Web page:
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Dinosaur Farm Owner Resolves to Reopen

The storefront of the Dinosaur Farm is wrapped in white paper, covered in colorful doodles of dinosaurs in multiple forms. There’s a farmer dinosaur with a straw hat and a pitchfork. Below that is another one on crutches and its leg in a cast.

“Get well soon” is scribbled in marker all around the paper, showing that toy and dinosaur enthusiasts from South Pasadena and beyond haven’t forgotten about the Mission Street staple as it remains closed to undergo repairs.

“We’ve changed out the paper a couple times,” owner David Plenn said. “I always go out there and take pictures and I post them on our [employee] chat so they can see that people care.”

Beyond the wraparound get well soon card is a sight much less colorful. The floor tile is exposed and dirty and the ceiling is thousands of slim wooden planks. Some scaffolding lingers in the corner.

The ceiling of the Dinosaur Farm collapsed on May 4 at about 4 a.m., likely caused by the spring’s excessive rainfall. In addition to a new ceiling, the store needs new lighting and carpeting. Thousands of dollars’ worth of damaged toys will be disposed of and there’s a significant loss of income due to the closure, too.

“At the beginning I was really hopeful and was trying to meet with everybody and we were trying to figure out ways in which to accelerate the process,” Colleen Berry, a Dinosaur Farm employee said. “At this point it’s kind of sad in general. It’s like, this thing that provided a lot of joy has been taken away from a lot of us.”

Plenn has secured the permits to begin renovations, which has renewed optimism. He hopes to have the store back open by the end of August.

Dinosaur Farm owner David Plenn explains the damage done to the ceiling when it collapsed on May 4 | Photo by Haley Sawyer The Review

Another promising sign is that Kidd’s Jewelry Heist, which is housed in the back of the Dinosaur Farm’s building, is operating and hosting parties once again and has no water damage. The two businesses have a symbiotic relationship, sharing not just the building but also customers.

Plenn has been able to retain most of his employees despite the closure. Berry can’t let go of job duties like searching for a dimorphodon in a back stock of dinosaurs for an eager 6-year-old boy quite yet.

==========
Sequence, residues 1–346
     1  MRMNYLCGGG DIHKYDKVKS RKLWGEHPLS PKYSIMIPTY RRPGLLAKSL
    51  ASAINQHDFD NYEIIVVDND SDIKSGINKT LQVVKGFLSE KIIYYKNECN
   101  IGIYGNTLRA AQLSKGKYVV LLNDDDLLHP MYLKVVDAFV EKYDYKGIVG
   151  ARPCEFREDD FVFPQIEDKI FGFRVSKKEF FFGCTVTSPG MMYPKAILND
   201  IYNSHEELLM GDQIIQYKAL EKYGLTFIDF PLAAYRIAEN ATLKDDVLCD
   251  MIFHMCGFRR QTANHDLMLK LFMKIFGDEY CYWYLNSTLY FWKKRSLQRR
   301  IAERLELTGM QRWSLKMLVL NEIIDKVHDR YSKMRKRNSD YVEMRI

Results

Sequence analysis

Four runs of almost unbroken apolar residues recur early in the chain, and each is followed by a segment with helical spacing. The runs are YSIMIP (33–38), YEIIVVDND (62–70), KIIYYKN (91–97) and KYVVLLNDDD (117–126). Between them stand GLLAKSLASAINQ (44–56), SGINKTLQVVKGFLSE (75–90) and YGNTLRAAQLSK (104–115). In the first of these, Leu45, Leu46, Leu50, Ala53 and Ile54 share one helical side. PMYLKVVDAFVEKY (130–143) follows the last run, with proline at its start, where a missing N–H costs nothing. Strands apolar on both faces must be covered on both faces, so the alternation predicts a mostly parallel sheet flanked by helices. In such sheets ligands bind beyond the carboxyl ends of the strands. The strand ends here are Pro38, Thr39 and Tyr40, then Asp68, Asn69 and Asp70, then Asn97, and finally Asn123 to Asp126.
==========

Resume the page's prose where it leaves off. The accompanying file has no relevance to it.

“It’s a place in which you can really see yourself grow up,” she said. “The only purpose of it is to be joyful and nice and good and I feel like when you step in there, it’s almost impossible not to feel it.”

The ceiling collapse happened on a Thursday and among an onslaught of other thoughts, Plenn had Saturday in mind. He agonized over disrupting parents’ weekend routines of getting their kids ready, heading to the Dinosaur Farm for a birthday gift, then going to a birthday party with that gift.

So, a handful of employees sat with Plenn and a boombox outside and sold gift certificates, birthday cards and a toy here and there. The entrance to the store was blocked off, which eventually forced a moment of realization for Plenn.

“This kid stopped at the door and saw the hole in the ceiling, saw the debris, the plastic and just started crying like somebody ran over his dog,” he said. “It was just the saddest thing. I was doing really good until then.”

Many more teary-eyed kids have looked through the front window and carefully signed the white paper. Visitors from as far as Hawaii have been met with locked doors, although the sponge-painted dinosaur murals still peer back at them from behind the glass.

There was a point at which Plenn did seriously consider closing Dinosaur Farm, which has been open for 28 years, but stubbornness took over. He said he refuses to let something beyond his control shut him down, and his son wants to take over the business someday.

When people call Dinosaur Farm, Plenn explains to them the water damage and where he’s at in the renovation process. He tells them about other places to possibly find dinosaur toys, but:

“There’s no toy stores as cool as ours,” he says into the receiver.

Dinosaur Farm enthusiasts are encouraged to remain patient until the store reopens. It’s not going anywhere because it has proven longevity, somewhat like its prehistoric namesake.

“Everybody goes, ‘oh, you’re a dinosaur’ like that’s kind of a failure,” Plenn said.

Remember, dinosaurs lived for millions of years. You can’t even fathom. We’re talking about 68 million years. Not 2,000 years.

“They lived forever. Totally dominant.”

Dinosaur Farm owner David Plenn plans to keep the existing dinosaur murals on the walls after all repairs are completed | Photo by Haley Sawyer The Review

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